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Columbia-Based Startup Takes the Sting Out of High Deductibles

By Inside Columbia
Paytient founder Brian Whorley developed the concept for Health Payment Accounts after a decade in hospital finance.

Photo by Scott Schaefer

Like most employers, Angy Littrell was faced with a difficult choice. Littrell, CEO of Fitzgibbon Hospital in Marshall, Missouri, wanted to offer a robust benefits package that would help attract and retain highly qualified employees, but any new offerings had to be fiscally smart for the business.

“Recruitment and retention are challenges across the country in all organizations, but especially in health care,” Littrell says. “Our organization is always looking for value-added benefits for our employees and ones that are affordable for the organization.”

As both the leader of a medical facility and an employer trying to address the health care needs of her staff, Littrell fully understands the pain points. She found the win-win solution she was looking for with an innovative benefit called a Health Payment Account (HPA).

America’s health care system and the employers who help their employees access it are feeling the stress of inflation coupled with the residual financial fallout from the COVID pandemic. According to a recent Mercer poll, health benefit costs are expected to increase 6.5% for U.S. employers in 2023, to more than $13,800 per employee. This projected increase is more than twice last year’s 3% increase — and employers should expect accelerated increases in 2024.

As a result, employers are bracing themselves for the steep cost increases expected to hit the health care industry in the next 24 months and looking for ways to reduce the burden on their employees. Several options are available: moving employees to a high-deductible health plan, instituting health savings accounts and providing individualized guidance
to employees to help them select the most sensible health care plan for their situation.

The innovative Health Payment Account option, developed by Columbia-based Paytient, is proving popular with both employers and employees because it addresses the unique needs of both.

An HPA helps workers pay out-of-pocket expenses over time, which makes the transition from a low- to high-deductible plan more practical and less painful. Employees can easily access funding — what Paytient calls “an allowance” — but are never burdened with fees or interest. In fact, there’s not even a credit check.

HPAs differ from traditional Health Saving Accounts (HSAs) and Flexible Spending Accounts (FSAs) in that they are employer-sponsored benefits that provide short-term funding for employees to pay for unexpected or out-of-pocket medical expenses.

HPAs are the brainchild of Paytient’s founder Brian Whorley, who developed the concept after a decade of working in hospital finance. He had seen firsthand how medical bills overwhelmed individuals and families who struggled to afford care. He recognized an opportunity to help by creating an employer-sponsored plan that allows employees to cover out-of-pocket health care expenses without incurring hefty fees and interest.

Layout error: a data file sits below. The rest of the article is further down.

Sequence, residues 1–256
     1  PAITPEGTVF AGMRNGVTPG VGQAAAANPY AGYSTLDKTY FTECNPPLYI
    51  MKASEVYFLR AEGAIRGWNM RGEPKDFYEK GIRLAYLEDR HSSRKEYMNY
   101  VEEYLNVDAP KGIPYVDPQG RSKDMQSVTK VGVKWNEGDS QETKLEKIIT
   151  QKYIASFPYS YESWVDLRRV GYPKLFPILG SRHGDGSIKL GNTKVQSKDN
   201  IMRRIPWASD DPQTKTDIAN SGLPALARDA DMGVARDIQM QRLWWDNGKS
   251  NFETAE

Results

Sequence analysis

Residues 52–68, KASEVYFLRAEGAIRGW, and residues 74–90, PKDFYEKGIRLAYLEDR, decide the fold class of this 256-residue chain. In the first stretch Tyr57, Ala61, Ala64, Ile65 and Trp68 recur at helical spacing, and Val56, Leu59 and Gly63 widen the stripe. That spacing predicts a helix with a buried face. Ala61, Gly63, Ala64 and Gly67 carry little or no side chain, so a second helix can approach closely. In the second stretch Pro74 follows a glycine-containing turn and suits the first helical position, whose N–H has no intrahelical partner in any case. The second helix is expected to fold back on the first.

Through Paytient’s HPAs, employers offer employees a small line of credit, typically $500 to $5,000, accessible via Visa cards that can be used to pay everything from out-of-pocket medical, pharmacy, dental and vision expenses — even veterinary expenses for their pets.

“HPAs complement health plans, remove financial barriers to care and enhance existing health care financing tools, including insurance plans, gap products, indemnity products and HSAs/FSAs,” Whorley says.

Tom Kayser, a benefits consultant with Sundvold Financial, recalls a time when he was the bearer of bad news to his client’s 120 employees, telling them their annual deductible would double in the coming year.

“I could sense the frustration and anger from the employees,” Kayser says. “The next presenter was Brian Whorley of Paytient. He informed the employees that Paytient would give them an interest-free way to cover the difference in their out-of-pocket costs. To my surprise, he received a standing ovation from the employees at the conclusion of his presentation.”

An HPA is used primarily as a form of short-term liquidity, not as a source of long-term debt. Employees use their HPA Visa card to pay for out-of-pocket care costs, then set up personalized, interest-free repayment plans that extend over time, usually between 12 and 36 months. Employers set the limit for the cards they offer to line up with deductible exposure.

Companies that have added Paytient to their employee benefit offerings find it remarkably easy to set up. And although employees are expected to pay back this interest-free debt, Paytient does add a layer of protection for employers; they are never held responsible for employees’ unpaid balances.

Paytient’s Pet Project

Paytient’s Visa cards can be used to pay for the categories of health care most people would expect, but there’s one category they may find surprising: veterinary care.

“We were programming Paytient back in the day,” CEO Brian Whorley says. “My sister has a basset hound named Baxter, and he’s definitely a part of their family, but unfortu- nately, he had a serious eye issue. She asked, ‘Could Paytient someday work for vet care?’ I was like, ‘We could do that today!’ and it’s been such a crowd pleaser. In 2022, 7% of our employee transactions were vet-related.”

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